Another challenge Suma intends to meet is improving the company’s image, to attract the attention of new entrants in the GA marketplace. This will entail some co-branding (Suma has already entered into a partnership with Exxon Mobil to promote the New Piper’s products in ads for Exxon Mobil aviation lubricants) and working to ensure that current customers are constantly pleased with their ownership experience and that new customers – those who approach the GA marketplace without preconceptions – will come to know New Piper as a trustworthy company sharing their lifestyle goals. Finally, Suma plans to develop new aviation-related businesses, including service centers, FBOs, finishing and refurbishment centers and facilities designed for reconditioning older airframes. All this will occur over a two-to-three year timeframe as the new ideas are fully developed and rolled out.

Will any of these plans involve new aircraft or new powerplants? Smiling, Suma wouldn’t go on-record, saying only that the next few years would be exciting ones at New Piper as the company builds on its deep, long-standing roots and looks to its future. Here’s hoping that Suma can pull it off.

Another Excuse To Visit Sunny Florida: Air Races In November

For Northerners who revel in the springtime climate at Sun ‘n Fun, a new aviation event might just entice them to return in November, when the days at home are getting short and chilly again. For fans of the fast, the brand-new Homestead/Miami Air Races and Sport Aviation Competition will be staged November 17-18 at Homestead Regional Airport (a former Air Force base), about an hour south of Miami. The weekend event will focus on competition, and besides Formula One Air Racing around pylons, will feature contests among ultralight flyers, skydivers, radio-controlled model aircraft, and aerobatic pilots. Other attractions will include military demonstration flights, static displays, and FAA safety seminars. For more information, click on “Events” at the Miami-Dade Aviation Department web site.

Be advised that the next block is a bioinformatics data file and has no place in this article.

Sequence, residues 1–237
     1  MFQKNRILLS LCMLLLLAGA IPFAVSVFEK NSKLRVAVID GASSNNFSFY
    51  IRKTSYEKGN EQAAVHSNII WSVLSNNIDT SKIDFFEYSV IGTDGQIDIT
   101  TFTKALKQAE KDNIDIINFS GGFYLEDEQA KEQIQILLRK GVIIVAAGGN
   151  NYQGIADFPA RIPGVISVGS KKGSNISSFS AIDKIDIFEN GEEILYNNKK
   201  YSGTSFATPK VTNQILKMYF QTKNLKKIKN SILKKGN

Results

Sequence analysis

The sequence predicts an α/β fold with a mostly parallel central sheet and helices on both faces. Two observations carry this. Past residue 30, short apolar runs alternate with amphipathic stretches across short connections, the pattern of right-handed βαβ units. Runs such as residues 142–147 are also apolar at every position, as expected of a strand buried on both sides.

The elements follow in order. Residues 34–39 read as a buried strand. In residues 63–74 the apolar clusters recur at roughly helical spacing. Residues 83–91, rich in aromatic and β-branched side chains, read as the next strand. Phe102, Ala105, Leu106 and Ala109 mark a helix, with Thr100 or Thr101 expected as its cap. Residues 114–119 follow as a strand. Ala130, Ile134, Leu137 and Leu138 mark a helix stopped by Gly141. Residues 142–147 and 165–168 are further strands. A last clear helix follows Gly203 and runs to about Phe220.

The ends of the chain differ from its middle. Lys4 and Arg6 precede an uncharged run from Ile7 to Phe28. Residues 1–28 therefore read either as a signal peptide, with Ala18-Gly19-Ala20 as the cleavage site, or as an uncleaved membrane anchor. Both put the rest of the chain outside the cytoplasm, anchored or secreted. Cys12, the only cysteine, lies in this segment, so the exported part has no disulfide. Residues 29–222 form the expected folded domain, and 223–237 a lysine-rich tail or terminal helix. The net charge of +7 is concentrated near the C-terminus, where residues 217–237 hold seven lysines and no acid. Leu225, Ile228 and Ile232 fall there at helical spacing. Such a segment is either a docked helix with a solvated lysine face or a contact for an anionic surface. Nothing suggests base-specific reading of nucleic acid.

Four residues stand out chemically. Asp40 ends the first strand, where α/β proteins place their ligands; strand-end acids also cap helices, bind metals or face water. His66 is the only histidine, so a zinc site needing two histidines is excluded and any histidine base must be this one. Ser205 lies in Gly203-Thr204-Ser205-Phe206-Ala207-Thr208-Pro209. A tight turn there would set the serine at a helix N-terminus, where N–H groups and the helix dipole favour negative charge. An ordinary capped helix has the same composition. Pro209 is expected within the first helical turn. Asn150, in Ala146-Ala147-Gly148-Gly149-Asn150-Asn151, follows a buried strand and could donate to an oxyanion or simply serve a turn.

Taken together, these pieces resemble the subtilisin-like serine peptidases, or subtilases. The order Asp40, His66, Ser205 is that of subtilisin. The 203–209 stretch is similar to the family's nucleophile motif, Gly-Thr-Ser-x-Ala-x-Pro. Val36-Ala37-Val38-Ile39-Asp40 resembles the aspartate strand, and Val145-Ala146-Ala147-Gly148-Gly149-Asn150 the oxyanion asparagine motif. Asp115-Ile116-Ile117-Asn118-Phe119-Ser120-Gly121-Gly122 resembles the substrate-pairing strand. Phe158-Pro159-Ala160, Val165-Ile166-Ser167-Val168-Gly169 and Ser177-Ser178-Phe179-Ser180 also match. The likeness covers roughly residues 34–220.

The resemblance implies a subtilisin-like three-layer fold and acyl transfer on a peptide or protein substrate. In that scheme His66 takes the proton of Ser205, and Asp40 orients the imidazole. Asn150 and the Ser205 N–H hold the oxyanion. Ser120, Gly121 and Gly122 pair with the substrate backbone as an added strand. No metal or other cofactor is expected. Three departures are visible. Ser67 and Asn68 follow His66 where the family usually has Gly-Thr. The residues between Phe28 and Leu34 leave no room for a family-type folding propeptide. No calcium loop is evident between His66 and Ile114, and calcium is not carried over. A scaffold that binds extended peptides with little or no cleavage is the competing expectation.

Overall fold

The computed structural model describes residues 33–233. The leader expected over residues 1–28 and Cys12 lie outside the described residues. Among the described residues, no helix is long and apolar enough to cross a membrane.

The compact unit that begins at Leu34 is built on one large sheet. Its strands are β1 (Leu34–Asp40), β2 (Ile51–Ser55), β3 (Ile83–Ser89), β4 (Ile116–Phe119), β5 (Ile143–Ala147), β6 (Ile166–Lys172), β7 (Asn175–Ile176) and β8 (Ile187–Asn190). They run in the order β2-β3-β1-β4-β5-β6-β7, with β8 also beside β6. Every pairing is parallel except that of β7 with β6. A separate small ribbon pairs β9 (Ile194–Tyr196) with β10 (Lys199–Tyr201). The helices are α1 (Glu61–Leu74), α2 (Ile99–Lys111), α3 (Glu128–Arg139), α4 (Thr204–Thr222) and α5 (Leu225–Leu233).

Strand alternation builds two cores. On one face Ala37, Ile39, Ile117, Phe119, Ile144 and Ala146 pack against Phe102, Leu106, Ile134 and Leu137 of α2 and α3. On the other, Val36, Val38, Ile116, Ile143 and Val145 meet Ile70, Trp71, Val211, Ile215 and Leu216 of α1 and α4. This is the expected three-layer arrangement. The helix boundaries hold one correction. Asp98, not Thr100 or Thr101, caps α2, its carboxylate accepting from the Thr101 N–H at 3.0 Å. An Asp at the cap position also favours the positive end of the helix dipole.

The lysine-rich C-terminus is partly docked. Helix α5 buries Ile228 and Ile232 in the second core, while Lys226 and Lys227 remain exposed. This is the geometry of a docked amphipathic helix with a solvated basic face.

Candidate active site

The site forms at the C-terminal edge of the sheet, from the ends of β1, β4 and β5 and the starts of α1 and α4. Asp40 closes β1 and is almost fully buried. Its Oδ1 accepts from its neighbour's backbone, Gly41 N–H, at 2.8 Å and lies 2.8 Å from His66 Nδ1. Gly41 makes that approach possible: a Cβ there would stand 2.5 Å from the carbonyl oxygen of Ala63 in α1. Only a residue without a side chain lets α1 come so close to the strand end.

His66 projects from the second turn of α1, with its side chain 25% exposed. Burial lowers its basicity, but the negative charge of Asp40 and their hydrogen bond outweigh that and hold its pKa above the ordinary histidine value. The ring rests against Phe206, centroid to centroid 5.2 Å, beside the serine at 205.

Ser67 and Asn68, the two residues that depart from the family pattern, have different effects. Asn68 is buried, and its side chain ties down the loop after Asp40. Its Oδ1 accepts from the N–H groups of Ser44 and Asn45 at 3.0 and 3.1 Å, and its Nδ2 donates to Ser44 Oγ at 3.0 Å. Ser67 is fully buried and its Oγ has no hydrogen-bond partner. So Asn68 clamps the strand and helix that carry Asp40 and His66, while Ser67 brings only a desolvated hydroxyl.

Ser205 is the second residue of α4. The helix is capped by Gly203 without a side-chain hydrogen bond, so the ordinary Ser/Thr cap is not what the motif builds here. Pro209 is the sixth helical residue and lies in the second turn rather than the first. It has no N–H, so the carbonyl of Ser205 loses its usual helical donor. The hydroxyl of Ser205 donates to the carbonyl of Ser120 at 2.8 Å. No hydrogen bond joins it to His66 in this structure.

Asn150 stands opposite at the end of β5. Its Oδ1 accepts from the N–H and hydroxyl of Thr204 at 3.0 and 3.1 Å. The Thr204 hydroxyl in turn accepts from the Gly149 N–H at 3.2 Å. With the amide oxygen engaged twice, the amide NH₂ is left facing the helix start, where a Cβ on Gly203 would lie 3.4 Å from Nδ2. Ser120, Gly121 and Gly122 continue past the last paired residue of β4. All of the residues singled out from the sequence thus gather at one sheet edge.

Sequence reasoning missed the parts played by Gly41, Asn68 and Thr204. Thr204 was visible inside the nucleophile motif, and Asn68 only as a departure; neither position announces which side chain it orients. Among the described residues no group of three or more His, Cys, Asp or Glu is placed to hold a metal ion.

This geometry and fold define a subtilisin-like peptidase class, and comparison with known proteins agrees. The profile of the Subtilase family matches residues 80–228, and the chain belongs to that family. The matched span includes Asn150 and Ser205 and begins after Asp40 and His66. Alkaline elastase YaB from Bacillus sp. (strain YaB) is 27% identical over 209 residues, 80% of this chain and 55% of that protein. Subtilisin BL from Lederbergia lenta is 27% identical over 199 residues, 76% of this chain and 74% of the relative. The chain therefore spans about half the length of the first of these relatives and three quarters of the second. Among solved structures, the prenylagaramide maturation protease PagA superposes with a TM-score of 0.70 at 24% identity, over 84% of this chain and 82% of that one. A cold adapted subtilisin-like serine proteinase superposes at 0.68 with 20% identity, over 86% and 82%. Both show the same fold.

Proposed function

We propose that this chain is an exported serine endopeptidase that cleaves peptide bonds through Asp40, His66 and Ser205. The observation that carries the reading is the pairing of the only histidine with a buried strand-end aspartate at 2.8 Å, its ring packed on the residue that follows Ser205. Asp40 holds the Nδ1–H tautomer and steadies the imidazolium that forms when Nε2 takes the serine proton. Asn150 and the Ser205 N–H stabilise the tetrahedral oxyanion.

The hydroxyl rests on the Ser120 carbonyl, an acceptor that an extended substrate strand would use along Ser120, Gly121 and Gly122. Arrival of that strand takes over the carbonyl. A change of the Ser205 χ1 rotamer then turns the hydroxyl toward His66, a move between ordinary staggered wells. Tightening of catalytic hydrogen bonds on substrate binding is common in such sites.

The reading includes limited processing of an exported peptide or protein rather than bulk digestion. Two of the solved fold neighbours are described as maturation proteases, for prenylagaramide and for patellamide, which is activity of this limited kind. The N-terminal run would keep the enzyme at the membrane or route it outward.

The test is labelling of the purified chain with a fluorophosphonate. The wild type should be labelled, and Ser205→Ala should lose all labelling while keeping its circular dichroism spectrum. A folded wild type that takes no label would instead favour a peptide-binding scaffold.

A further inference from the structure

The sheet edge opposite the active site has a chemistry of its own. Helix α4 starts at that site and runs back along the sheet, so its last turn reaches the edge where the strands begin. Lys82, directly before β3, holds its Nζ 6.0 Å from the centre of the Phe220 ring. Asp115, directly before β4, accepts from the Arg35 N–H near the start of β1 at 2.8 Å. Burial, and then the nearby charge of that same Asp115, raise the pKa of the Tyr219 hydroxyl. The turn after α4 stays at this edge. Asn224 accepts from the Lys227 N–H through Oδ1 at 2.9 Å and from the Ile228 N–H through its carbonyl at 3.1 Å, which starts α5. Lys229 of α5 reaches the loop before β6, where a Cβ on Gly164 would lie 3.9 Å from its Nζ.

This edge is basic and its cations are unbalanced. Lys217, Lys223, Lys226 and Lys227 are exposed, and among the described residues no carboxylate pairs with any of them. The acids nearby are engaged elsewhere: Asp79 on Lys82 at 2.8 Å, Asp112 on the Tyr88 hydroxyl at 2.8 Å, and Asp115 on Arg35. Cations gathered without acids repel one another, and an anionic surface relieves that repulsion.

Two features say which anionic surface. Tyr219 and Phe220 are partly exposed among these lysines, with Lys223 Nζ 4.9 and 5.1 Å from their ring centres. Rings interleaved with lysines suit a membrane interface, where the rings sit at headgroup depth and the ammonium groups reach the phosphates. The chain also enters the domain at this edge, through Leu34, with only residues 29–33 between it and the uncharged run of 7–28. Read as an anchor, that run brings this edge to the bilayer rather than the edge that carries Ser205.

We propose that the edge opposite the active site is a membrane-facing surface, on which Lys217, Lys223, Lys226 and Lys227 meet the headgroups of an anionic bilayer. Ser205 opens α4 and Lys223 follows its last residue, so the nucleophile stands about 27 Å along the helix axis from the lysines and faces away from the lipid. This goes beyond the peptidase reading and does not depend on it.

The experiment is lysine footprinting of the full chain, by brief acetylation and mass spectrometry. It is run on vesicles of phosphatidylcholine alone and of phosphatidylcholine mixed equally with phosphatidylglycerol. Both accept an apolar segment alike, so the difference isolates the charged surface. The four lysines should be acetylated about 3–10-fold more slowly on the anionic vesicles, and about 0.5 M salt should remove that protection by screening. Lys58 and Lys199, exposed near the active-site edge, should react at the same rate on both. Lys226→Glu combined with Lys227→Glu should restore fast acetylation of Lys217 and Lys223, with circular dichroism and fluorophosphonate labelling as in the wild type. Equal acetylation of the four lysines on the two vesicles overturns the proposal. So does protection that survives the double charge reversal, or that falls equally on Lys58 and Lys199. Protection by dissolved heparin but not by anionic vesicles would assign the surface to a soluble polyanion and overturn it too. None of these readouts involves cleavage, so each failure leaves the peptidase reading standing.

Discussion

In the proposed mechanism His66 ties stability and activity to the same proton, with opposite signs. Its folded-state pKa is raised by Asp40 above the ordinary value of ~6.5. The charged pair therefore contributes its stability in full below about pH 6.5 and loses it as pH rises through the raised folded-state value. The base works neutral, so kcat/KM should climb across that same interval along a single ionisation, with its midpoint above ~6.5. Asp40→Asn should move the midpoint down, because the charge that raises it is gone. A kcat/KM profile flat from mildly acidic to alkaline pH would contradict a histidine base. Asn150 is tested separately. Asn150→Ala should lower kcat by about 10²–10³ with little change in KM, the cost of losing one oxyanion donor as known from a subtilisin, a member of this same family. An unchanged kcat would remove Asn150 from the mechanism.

A Different Kind Of Hall Of Famer

If you’ve ever heard of the Moni motor glider, the Monerai or the Sonerai series or Sonex aircraft, you’ve heard of John Monnett and if you haven’t, it’s time you had – Monnett has been selected as a Nov. 2001 inductee to the EAA Homebuilders Hall of Fame. He has been active in experimental aviation for nearly 30 years and created some 14 original designs (most of them, light, all-metal, single or two place designs) in his tenure as an experimental aircraft designer. He was also instrumental in the popularization of the Volkswagen engine conversion for use in homebuilt aircraft. Those contributions have been *very* appreciated by a loyal band of followers who, if not for Monnett, may have been unable to afford the pleasure of flying aircraft with better than average performance that they could afford. Monnett’s newest design, the Sonex flies behind a Jabiru 4-stroke engine and is another example his simple, affordable and practical design philosophy. Sonex first flew in February 1998 and the first builder completion was flown in June of 2000. Seven more builders have since completed their aircraft.

International Visitors Find Lots Of Friends

Flying fascinates people everywhere, not just in the U.S., so naturally an event like Sun ‘n Fun attracts folks from all over the world. A visit to the International Visitors’ Tent late in the week found that 2,085 travelers from 77 countries had signed in. Many seek help with our quirky language, and an intrepid band of volunteers stands ready to translate for speakers of German, Portuguese, Italian, Danish, Finnish, Russian, and more. One friendly volunteer, Sia, of Largo, Fla., a virtual Babel-of-one, speaks Greek, Arabic, or French on request. The largest contingent of visitors, though, is Canadian, with almost 400 signed up, most of them probably English-speakers. Next to our northern neighbor, Brazil and England sent the most sightseers, while only one traveler apiece got here all the way from Singapore, Kazakhstan, and Singapore.